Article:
But the ultimate question remains--can a non-federal patchwork of environmental regulations effectively combat global warming? I think not. There will be states and regions that lag behind, failing to regulate pollutants. Companies interested in avoiding the regulations will relocate to those areas with fewer regulations. The federal government maintains its ability to preempt any state or regional regulations, so that the federal government can clip the wings of any local or regional regulatory scheme.

However, state and local action may be responsible for shifting the federal government towards further regulation, and providing a pre-tested set of initatives which could be scaled up to the national level under new leadership.

Fox News' Take On LEED--There really are no words

I was casually going about my business gathering news on green building for greenlaw and came across this bit on LEED from Fox news.,2933,295960,00.html It is another example of Fox's well documented attack on environmental causes.

Essentially, Fox argues that because LEED standards have been proposed as part of the House Energy bill and the GSA has mandated that all new construction projects and substantial renovations must be LEED certified that "Building green" soon may be more about stealthily raking in cash from taxpayers than constructing "eco-friendly" buildings, if the U.S. Green Building Council, or USGBC, has its way in Congress."

That's right--green building is a conspiracy by the USGBC to bilk taxpayers of their money. Only the folks over at Fox could come up with this stuff.

Courts Count

The International Herald Tribune wrote an article here-- a Northern District of California case which resulted in an Order to the Bush administration to issue two reports on global warming that it had been withholding. An article from Daily Green notes that a Vermont court has upheld a state's right to determine vehicle emissions-- These decisions underscore an important issue --the role of the courts in environmental preservation.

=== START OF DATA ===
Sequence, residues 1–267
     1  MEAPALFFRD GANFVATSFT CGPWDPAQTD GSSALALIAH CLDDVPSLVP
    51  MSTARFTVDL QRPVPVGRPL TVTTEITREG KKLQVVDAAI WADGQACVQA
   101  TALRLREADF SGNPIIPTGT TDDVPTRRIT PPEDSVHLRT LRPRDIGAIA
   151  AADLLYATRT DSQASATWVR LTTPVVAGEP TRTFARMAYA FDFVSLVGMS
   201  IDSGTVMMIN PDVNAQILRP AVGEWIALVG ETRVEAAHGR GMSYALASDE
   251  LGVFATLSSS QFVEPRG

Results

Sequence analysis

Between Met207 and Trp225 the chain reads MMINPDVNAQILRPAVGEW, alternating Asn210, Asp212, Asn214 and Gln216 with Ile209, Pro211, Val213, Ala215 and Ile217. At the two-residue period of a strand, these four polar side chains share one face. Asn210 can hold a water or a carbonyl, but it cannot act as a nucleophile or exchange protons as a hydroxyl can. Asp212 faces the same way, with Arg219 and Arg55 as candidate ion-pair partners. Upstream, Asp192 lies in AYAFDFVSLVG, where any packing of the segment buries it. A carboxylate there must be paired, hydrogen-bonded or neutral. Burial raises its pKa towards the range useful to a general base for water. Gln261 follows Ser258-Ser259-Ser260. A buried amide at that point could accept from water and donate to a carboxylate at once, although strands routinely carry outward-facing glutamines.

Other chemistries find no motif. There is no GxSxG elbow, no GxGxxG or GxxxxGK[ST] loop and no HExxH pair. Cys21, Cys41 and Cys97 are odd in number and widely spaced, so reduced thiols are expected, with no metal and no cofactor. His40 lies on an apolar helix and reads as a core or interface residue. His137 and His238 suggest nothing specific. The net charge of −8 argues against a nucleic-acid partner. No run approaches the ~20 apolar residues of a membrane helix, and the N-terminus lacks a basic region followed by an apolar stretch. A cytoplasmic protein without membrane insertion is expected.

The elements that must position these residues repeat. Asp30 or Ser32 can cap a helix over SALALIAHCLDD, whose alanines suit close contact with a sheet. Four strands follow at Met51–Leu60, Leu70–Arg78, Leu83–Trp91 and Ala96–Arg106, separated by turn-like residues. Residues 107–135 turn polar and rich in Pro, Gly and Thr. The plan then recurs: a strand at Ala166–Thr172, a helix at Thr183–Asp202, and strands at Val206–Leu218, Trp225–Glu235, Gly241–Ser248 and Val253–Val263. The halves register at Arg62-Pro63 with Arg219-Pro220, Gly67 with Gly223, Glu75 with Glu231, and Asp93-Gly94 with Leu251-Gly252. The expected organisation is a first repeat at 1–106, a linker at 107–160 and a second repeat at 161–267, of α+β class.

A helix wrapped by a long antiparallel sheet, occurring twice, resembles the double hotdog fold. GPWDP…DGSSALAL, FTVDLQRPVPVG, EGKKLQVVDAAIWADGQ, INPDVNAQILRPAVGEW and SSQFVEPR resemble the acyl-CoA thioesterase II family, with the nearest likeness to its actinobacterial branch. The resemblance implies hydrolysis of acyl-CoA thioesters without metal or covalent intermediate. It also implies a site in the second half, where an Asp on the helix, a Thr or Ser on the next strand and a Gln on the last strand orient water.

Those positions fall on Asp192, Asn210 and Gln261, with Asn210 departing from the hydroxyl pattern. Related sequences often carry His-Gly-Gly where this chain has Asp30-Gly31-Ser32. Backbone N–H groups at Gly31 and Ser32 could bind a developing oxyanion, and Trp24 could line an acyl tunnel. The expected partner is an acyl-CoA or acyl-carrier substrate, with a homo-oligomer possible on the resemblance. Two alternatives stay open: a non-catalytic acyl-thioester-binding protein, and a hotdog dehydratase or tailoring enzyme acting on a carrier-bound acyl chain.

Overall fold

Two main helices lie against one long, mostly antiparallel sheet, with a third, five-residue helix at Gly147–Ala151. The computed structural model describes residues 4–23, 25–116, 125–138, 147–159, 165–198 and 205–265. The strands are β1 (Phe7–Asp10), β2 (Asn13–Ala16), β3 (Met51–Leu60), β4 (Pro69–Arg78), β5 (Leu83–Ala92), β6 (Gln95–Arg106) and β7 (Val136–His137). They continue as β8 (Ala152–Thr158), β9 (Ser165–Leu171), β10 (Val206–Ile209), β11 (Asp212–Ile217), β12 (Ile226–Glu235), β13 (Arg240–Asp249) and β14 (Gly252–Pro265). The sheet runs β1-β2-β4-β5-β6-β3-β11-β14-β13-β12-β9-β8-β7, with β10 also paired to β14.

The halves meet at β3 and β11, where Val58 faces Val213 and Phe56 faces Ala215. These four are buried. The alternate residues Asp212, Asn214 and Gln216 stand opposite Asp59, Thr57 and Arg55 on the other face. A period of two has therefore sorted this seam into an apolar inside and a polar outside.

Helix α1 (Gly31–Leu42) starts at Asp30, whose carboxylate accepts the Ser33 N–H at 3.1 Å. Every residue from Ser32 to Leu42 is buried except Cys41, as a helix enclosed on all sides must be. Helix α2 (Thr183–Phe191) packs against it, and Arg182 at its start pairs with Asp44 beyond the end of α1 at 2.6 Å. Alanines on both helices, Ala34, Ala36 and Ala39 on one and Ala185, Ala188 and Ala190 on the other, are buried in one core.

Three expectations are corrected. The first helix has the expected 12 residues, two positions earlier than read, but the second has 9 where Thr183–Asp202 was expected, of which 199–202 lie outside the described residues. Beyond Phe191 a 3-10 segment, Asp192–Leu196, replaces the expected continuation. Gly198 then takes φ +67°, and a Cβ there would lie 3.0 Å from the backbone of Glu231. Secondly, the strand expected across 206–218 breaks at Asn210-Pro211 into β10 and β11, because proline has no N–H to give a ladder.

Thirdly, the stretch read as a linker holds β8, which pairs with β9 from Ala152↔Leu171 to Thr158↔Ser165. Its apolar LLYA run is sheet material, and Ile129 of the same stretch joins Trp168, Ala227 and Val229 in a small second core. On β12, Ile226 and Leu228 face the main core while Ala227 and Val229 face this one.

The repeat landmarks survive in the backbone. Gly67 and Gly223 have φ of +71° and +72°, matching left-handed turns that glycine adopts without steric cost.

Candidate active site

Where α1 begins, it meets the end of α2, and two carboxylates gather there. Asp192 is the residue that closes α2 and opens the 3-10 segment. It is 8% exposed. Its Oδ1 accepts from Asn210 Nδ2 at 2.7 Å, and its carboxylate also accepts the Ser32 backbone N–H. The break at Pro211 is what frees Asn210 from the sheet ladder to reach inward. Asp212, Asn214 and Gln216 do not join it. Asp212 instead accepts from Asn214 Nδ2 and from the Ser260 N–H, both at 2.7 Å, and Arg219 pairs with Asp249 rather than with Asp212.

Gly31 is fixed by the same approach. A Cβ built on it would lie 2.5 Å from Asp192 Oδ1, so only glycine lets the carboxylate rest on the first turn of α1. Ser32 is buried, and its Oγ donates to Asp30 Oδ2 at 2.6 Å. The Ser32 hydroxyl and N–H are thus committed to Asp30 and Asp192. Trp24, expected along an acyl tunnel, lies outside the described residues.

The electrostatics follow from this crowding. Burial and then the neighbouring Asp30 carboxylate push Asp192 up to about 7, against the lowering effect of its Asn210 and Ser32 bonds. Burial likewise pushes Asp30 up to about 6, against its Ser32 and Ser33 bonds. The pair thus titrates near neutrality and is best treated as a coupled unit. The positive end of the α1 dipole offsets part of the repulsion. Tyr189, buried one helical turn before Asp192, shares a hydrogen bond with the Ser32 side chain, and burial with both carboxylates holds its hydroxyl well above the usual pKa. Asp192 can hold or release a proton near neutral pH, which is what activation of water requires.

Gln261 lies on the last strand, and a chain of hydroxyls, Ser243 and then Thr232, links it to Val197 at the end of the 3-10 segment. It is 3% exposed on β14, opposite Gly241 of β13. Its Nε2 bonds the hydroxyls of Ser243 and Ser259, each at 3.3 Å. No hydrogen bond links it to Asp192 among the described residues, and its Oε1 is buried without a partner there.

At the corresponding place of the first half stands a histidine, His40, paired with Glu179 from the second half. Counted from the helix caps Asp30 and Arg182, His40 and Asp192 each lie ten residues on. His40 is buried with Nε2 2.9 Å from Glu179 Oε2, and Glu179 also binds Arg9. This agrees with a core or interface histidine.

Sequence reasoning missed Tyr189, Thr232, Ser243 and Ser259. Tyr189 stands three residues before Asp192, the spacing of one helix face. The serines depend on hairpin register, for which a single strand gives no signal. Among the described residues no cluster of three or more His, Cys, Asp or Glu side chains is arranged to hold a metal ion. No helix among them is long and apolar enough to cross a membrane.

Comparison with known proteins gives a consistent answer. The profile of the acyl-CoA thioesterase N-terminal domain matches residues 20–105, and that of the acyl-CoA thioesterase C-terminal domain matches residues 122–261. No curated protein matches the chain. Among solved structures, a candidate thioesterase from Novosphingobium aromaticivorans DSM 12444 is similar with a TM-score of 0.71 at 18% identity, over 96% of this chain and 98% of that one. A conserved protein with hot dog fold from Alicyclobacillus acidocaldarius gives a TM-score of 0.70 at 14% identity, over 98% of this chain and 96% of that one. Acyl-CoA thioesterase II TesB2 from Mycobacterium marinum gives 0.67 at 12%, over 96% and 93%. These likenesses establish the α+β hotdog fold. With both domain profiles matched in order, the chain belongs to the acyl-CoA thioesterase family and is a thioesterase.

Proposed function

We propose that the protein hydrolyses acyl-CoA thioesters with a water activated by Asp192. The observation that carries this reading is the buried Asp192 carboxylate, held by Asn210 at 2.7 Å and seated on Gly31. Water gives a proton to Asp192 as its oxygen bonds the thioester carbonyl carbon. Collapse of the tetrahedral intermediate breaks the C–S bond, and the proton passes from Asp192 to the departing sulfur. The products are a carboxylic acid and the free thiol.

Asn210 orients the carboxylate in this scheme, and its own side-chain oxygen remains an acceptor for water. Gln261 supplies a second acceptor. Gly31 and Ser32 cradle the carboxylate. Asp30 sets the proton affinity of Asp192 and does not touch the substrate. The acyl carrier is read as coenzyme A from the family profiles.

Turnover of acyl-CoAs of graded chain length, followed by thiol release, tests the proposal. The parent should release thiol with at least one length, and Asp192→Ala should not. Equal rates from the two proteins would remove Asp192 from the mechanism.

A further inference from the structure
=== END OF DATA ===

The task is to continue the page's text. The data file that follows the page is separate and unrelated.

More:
Essentially, only the judiciary can order the executive branch to fulfil its legal obligations. Only the judiciary can determine which laws will be enforced. Therefore, environmental laws are only as strong as the judiciary which is appointed to uphold them. As we saw from the radically conservative opinions which were handed down by the Supreme Court this spring, the highest court of the land is unlikely to uphold or enforce environmental laws which obligate private entities or the executive branch. Therefore, even if the zeitgeist is shifting towards greater governmental involvement in environmental issues, it will be a generation before the judiciary can be changed to ensure that the laws are enforced.

Green Litigation--The Next Wave Of Green Building

As I sit here today, I will guarantee that the next year will bring the first wave of green litigation--litigation over buildings that fail to live up to their green billing. For example, in Australia, the Melbourne City Council's new state-of-the-art office building, which was "green star" certifiied, many of the green features do not work. The daylighting proved too dim for the workers' needs, a greywater system was not operational. Worse still, some are causing active issues, like allowing legionella into the cooling system.

Who is to blame when the green features fail? Will the contracts among the relevant players--architect, general contractor, developer, commissioner--be robust enough to allocate the liability? I doubt it--and lawyers, judges and juries will be introduced into a brave new world of environmental litigation. With new technology and lots of hype comes broken promises--and with them, litigation.

Update on Las Vegas

The Nevada Appeal provides an update on the debacle over the Nevada green building tax incentives which blew up earlier this summer.

Interestingly, Nevada Democrats appear to be the ones who are trying to make the incentives available to fewer projects.